The LWF Blog
Fire Engineering Design and Risk Assessment – Compartmentation & Fire Severity – Part 10October 18, 2018 10:12 am
In LWF’s Fire Engineering blog series for Architects and others in the building design industry, we have been looking at the use of compartmentation to avoid the spread of fire. In part 9, the use of compartments with sprinkler systems was discussed and in part 10, we look at the potential severity of fires in enclosed spaces.
The severity of a fire in an enclosed space is dependent upon factors such as heat leaving the compartment through openings in the enclosing walls and floors, fire load and ventilation. Test fires and calculations have been carried out which measure fire load against such factors and predict the percentage of heat dissipated through windows, openings, as fuel and by radiation.
The results showed that a small proportion of fire heat was lost through the enclosing walls and floors of a room or compartment and that the majority was lost through windows and other openings in the enclosure. The predictions also allowed for the creation of temperature-time curves for differing ventilation conditions and fire loads which can be used to assess the standard necessary for enclosing walls and floors. However, it can be challenging to relate existing information on wall and floor constructions under standard test conditions to real life examples.
Equivalent fire resistance differs from that approach as it relates to the empirical relationship between the likely fire severity in a space and the exposure conditions in a standard fire resistance test. It is often a more practical way of determining the necessary fire resistance of the elements of compartmentation.
CIB Report W14 ‘A conceptual approach towards a probability based design guide on structural fire safety’ Fire Safety 6 1-79 (1983) (PDF) was the first to codify the concept, with BS EN 1991-1-2: 2002: Eurocode 1. Actions on structures. General actions. Actions on structures exposed to fire (London: British Standards Institution) (2002) producing a similar method a short time after.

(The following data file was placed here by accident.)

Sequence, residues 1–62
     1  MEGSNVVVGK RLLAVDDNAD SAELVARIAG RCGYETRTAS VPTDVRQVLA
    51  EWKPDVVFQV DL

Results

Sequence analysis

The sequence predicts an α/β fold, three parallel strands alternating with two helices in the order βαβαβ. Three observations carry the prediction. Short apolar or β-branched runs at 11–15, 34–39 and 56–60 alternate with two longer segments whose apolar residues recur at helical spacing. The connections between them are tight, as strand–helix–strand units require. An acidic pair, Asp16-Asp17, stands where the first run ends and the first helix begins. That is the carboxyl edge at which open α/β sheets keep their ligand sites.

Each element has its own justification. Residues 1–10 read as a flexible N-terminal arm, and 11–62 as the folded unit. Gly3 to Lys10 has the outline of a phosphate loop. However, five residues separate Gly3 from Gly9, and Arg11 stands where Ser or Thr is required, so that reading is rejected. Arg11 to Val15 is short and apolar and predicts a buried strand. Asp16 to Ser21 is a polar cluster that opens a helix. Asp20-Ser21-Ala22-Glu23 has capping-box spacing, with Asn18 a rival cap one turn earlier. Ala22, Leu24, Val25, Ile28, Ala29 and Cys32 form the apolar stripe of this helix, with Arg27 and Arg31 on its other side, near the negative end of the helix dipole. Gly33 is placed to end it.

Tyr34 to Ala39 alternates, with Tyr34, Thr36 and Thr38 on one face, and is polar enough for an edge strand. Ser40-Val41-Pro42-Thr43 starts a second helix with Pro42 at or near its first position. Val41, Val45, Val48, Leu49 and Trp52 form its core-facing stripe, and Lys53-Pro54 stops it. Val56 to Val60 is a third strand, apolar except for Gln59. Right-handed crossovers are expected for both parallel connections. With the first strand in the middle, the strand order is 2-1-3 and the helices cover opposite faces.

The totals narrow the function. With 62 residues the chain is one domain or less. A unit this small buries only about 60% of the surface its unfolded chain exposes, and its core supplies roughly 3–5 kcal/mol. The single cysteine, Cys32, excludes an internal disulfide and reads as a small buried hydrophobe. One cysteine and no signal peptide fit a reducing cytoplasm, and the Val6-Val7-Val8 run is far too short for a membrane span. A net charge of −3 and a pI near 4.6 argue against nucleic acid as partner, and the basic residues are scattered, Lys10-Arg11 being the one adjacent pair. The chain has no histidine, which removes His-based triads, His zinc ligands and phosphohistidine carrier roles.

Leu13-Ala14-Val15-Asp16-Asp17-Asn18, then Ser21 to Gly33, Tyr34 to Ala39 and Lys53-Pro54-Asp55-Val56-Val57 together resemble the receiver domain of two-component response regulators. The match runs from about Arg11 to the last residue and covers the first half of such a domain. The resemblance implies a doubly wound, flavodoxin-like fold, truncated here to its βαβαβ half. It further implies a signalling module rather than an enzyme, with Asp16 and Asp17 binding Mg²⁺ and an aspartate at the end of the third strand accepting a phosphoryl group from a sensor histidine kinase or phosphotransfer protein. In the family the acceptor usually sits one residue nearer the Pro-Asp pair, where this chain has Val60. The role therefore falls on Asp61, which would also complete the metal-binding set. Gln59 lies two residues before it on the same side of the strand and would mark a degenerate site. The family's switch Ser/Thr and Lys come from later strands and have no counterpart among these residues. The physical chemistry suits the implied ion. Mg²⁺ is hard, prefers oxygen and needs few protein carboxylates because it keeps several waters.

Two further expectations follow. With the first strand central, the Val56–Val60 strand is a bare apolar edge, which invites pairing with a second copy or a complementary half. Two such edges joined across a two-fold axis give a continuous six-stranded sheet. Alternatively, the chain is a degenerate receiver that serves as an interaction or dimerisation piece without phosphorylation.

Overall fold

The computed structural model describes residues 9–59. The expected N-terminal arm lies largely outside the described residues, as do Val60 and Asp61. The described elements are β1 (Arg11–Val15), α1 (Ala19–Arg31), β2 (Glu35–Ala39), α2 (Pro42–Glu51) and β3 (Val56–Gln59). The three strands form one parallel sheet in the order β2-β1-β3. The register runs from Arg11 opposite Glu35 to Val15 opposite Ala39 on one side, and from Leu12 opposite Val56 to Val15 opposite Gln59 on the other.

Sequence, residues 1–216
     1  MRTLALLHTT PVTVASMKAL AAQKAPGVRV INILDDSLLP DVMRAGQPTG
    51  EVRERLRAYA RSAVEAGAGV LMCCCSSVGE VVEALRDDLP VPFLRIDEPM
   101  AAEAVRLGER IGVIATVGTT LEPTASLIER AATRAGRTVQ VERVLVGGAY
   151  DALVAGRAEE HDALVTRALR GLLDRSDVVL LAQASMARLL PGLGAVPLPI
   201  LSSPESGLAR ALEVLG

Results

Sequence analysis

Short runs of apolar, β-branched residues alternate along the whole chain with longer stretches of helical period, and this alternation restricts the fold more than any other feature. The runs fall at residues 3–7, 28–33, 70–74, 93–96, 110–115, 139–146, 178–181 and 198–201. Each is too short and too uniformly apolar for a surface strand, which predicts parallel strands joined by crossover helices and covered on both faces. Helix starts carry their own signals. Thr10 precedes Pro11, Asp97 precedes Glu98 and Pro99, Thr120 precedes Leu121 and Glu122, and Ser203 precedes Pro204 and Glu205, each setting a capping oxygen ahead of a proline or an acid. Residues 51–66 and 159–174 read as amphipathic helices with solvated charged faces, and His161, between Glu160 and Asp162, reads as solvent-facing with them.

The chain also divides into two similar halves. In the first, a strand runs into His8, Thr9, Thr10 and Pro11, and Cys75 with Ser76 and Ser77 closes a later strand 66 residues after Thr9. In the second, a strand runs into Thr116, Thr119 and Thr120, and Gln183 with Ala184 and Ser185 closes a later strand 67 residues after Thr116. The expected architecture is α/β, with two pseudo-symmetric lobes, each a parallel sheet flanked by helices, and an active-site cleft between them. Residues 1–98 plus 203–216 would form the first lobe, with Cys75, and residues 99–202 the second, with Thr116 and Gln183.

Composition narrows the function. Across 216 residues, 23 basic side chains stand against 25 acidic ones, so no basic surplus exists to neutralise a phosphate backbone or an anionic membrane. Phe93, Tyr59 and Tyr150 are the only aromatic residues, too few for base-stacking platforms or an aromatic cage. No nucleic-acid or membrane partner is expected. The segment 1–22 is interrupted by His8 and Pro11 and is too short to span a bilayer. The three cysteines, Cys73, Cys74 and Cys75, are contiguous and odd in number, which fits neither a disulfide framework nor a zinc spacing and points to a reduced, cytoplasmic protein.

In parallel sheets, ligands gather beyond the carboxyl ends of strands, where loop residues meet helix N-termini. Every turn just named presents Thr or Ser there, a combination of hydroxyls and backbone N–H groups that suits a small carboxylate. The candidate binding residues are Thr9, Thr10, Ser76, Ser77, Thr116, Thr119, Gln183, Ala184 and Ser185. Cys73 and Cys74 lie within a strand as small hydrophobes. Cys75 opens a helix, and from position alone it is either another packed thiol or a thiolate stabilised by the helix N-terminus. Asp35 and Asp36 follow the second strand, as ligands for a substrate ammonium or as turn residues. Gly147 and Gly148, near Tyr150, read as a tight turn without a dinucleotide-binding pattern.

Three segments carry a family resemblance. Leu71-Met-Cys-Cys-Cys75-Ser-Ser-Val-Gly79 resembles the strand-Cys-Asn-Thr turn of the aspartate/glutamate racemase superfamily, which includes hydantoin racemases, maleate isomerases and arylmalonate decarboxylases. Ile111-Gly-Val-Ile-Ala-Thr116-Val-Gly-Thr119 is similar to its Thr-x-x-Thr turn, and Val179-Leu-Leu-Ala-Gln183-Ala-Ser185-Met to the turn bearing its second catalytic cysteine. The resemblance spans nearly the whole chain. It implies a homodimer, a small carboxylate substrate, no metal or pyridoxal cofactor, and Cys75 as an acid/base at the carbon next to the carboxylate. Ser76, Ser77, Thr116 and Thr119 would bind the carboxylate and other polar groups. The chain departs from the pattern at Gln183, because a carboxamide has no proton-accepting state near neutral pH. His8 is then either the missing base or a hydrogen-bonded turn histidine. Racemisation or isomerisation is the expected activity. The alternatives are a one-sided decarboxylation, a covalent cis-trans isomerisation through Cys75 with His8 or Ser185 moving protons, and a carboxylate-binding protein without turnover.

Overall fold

Equivalent fire resistance is increasingly used to provide a means of identifying the fire-resistance standard necessary for buildings rather than prescriptive recommendations from guides such as Approved Document B (https://www.gov.uk/government/publications/fire-safety-approved-document-b) in the UK. This is applicable to compartments and structural fire protection.
In part 11 of this series, LWF will continue looking at the equivalent fire-resistance concept and its use in determining fire-resistance levels in buildings. In the meantime, if you have any questions about this blog, or wish to discuss your own project with one of our fire engineers, please contact us.
Lawrence Webster Forrest has been working with their clients for over 25 years to produce innovative and exciting building projects. If you would like further information on how LWF and fire strategies could assist you, please contact Peter Gyere on 020 8668 8663.
While care has been taken to ensure that information contained in LWF’s publications is true and correct at the time of publication, changes in circumstances after the time of publication may impact on the accuracy of this information.